A longtime State Department official in the bureau that oversees arms transfers resigned this week in protest of the Biden administration's decision to continue sending weapons and ammunition to Israel in support of its war with Hamas.
Josh Paul, who served as the director of congressional and public affairs for the State Department's Bureau of Political-Military Affairs for 11 years, said the Biden administration's "blind support for one side" had led to policy decisions that were "shortsighted, destructive, unjust and contradictory to the very values we publicly espouse."
"Let me be clear: Hamas' attack on Israel was not just a monstrosity; it was a monstrosity of monstrosities," the letter reads. "But I believe to the core of my soul that the response Israel is taking, and with it the American support both for that response... will only lead to more and deeper suffering for both the Israeli and the Palestinian people - and is not in the long term American interest."
"I fear we are repeating the same mistakes we have made these past decades, and I decline to be a part of it for longer," the letter continues.
Paul told the NY Times that Israel cutting off water, food, medical care and electricity to the two million or so residents of Gaza should trigger a slew of federal laws that should normally prevent US weapons ending up in the hands of human rights violators.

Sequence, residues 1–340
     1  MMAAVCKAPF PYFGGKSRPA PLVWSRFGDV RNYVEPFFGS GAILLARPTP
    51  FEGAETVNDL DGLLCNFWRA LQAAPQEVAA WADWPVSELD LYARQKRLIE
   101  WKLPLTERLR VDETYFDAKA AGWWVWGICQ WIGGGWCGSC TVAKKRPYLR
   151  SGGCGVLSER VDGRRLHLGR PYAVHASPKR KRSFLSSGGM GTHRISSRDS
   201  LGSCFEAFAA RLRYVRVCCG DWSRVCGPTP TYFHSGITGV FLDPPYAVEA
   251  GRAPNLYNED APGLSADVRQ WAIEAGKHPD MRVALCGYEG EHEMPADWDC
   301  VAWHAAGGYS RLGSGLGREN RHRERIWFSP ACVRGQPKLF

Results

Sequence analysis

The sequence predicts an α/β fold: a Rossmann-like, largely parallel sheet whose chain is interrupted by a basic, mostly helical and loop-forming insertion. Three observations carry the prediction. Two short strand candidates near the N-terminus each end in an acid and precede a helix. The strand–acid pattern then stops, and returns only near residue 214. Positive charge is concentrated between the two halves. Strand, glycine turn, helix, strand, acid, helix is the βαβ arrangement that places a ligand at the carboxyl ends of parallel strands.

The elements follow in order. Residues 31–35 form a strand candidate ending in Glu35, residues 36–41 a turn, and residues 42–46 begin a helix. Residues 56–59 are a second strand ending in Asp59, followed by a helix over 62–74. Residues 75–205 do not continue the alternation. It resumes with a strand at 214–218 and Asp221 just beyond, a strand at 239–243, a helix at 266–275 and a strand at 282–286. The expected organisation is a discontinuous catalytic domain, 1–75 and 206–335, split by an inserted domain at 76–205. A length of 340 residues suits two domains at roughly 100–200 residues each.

"The problem with all of those provisions is that it rests on the executive branch making a determination that human rights violations have occurred," Paul said. "The decision to make a determination doesn’t rest with some nonpartisan academic entity, and there’s no incentive for the president to actually determine anything."
In a Wednesday visit to Tel Aviv while his administration prepares a $10 billion military aid package, Biden warned Israelis not to give in to an "all-consuming rage" that would be looked upon as an overreaction to the attack by Hamas earlier this month in which over 1,400 Israelis were killed and nearly 200 hostages were taken.
Paul, whose resignation was first reported by the Huffington Post, said he's seen the US Government approve several sales or shipments of matériel to other Middle Eastern countries seemingly in violation of federal law.
"On all of them there’s a moment where you can say, OK, well, you know, it’s out of my hands, but I know Congress is going to push back," he said, adding "But in this instance, there isn’t any significant pushback likely from Congress, there isn’t any other oversight mechanism, there isn’t any other forum for debate, and that’s part of what got into my decision making."
By continuing to give Israel what Paul described as carte blanche to kill a generation of enemies, which will only create a new one, US interests are not served.
"What it leads to is this desire to sort of impose security at any cost, including in cost to the Palestinian civilian population," he said. "And that doesn’t ultimately lead to security."
"This administration, I think, knows better and understands some of the complexity but brought very little of that nuance to the policy decisions that are being made."
Paul says he's received an outpouring of support from State Department colleagues and congressional staff members.
"A lot of people are wrestling with this being the current policy and are finding it to be deeply problematic," he said, adding "I’ve really been quite moved by some of the folks who have reached out to say that they understand where I’m coming from. They respect my decision. It’s been very supportive."